There are decisions of arbitration boards which apply earlier awards between the same parties based on the same set of circumstances. These cases appear to proceed on the theory that the previous award was final and binding on the parties, therefore the later board should decline to examine the matter a second time. This theory appears to be modified in Re: United Steel Workers and Steel Co. of Canada Ltd., supra, which states that the later board should not upset a ruling of the earlier board unless it was definitely of the view that the decision of the first board was "clearly wrong" and not merely that the second board "would have come to a different conclusion". While the nicety of this distinction may be applied on appeal, it scarcely fits the arbitration process, particularly where facts are not in dispute.
In United Automobile Workers and L.W. Young Industries Ltd., supra, the nature of the first grievance does not appear in the report. The second grievance is a "policy" grievance, involving the construction of a section of a collective agreement.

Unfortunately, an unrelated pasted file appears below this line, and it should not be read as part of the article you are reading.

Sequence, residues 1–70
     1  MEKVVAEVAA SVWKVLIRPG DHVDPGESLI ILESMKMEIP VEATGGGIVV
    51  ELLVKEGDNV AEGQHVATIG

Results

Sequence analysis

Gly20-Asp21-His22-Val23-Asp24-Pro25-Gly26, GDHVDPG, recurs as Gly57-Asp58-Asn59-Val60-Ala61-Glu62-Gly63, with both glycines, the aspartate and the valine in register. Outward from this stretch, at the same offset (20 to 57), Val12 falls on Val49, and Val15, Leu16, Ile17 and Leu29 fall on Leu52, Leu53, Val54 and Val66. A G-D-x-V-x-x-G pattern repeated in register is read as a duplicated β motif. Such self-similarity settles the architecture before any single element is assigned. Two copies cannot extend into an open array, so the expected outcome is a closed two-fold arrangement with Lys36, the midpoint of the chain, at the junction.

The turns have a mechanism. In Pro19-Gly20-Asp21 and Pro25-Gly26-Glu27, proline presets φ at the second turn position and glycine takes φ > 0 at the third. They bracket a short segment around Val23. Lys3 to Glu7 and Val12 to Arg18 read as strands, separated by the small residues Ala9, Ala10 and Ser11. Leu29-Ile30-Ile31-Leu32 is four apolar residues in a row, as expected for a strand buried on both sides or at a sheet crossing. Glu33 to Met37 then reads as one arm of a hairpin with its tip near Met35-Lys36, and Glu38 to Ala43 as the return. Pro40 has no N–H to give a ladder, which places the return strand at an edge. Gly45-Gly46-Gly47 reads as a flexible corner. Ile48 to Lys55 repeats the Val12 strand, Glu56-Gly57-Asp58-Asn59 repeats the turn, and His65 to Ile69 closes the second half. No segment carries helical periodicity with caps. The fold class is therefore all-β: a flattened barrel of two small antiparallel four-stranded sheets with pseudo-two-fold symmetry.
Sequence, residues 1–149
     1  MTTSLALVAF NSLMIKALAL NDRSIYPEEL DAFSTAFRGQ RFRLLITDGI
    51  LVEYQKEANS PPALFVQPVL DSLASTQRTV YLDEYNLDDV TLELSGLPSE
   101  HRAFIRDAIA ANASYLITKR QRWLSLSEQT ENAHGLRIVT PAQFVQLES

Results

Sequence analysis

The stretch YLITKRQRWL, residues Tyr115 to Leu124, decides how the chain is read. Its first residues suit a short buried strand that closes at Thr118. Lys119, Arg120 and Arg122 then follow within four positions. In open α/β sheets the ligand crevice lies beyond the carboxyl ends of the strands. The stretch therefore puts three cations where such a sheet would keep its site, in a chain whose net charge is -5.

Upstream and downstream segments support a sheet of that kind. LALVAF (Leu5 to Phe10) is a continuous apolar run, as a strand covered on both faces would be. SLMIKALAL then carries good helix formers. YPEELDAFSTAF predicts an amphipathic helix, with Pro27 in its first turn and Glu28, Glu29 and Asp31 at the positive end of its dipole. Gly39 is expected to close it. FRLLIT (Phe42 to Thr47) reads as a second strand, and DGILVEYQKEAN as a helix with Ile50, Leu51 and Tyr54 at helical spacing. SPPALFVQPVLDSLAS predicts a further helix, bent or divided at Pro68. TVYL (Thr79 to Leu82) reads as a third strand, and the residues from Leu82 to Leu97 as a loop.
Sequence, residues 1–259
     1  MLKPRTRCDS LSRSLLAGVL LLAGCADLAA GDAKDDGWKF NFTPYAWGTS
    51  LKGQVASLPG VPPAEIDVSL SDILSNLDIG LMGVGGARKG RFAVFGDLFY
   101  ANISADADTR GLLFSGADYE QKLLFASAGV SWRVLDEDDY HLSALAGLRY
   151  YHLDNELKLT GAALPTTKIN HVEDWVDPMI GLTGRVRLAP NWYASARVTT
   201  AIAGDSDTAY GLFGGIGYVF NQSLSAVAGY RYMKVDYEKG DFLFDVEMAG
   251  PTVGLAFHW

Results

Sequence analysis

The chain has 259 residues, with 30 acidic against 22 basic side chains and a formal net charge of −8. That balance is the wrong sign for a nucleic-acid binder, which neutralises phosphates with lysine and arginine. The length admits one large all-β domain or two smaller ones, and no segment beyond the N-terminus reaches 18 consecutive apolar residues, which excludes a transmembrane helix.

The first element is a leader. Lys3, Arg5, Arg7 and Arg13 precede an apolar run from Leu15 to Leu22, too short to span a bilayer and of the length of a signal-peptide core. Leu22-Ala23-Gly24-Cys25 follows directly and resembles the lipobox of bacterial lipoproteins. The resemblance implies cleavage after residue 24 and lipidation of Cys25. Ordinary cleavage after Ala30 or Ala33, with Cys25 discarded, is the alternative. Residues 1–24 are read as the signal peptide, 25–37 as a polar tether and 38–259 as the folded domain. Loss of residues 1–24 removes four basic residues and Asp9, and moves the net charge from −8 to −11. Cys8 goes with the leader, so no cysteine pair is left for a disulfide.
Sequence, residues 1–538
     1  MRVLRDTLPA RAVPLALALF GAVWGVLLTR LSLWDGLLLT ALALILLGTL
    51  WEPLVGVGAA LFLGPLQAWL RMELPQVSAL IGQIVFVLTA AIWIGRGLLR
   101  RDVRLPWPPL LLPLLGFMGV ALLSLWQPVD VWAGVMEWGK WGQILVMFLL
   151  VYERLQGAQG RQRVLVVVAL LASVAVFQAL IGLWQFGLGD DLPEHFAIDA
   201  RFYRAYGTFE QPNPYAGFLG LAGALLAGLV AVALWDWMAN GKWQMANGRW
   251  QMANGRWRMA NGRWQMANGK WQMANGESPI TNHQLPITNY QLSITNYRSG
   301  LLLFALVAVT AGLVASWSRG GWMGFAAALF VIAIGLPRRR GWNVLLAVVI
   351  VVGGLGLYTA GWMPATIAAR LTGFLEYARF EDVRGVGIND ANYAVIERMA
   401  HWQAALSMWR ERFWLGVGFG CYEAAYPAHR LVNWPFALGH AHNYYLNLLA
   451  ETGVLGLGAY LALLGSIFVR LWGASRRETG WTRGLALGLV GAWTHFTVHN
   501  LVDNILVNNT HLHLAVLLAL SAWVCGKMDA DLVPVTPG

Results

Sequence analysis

Because of the nature of arbitration, which is to settle disputes arising under collective agreements, doctrines of law such as stare decisis, res judicata and estoppel should have limited application. Rules of interpretation, on the other hand, are most useful in deciding the meaning of a particular contract. The conclusions reached in "The Binding Force of Arbitration Awards" supra are quoted with approval.
For an arbitrator to be bound by a previous award involving the same parties is inconsistent with this quasi-administrative role which the arbitrator must play. An award, that should be "binding" only in so far as it resolves the particular grievance with which it is concerned finally and effectively.
The conclusions reached at this point are that neither awards involving other parties, nor awards between the same parties but involving particular sets of facts and circumstances need be "binding" on later arbitrators. The question of estoppel arises more forcefully, however, in the case of the "policy" grievance. Suppose the issue to be arbitrated is a general question of interpretation, one clearly intended to be relied upon in the future. That such questions are arbitrable on the motion of either the company or the union has been decided recently in United Steel Corp. V. Fuller.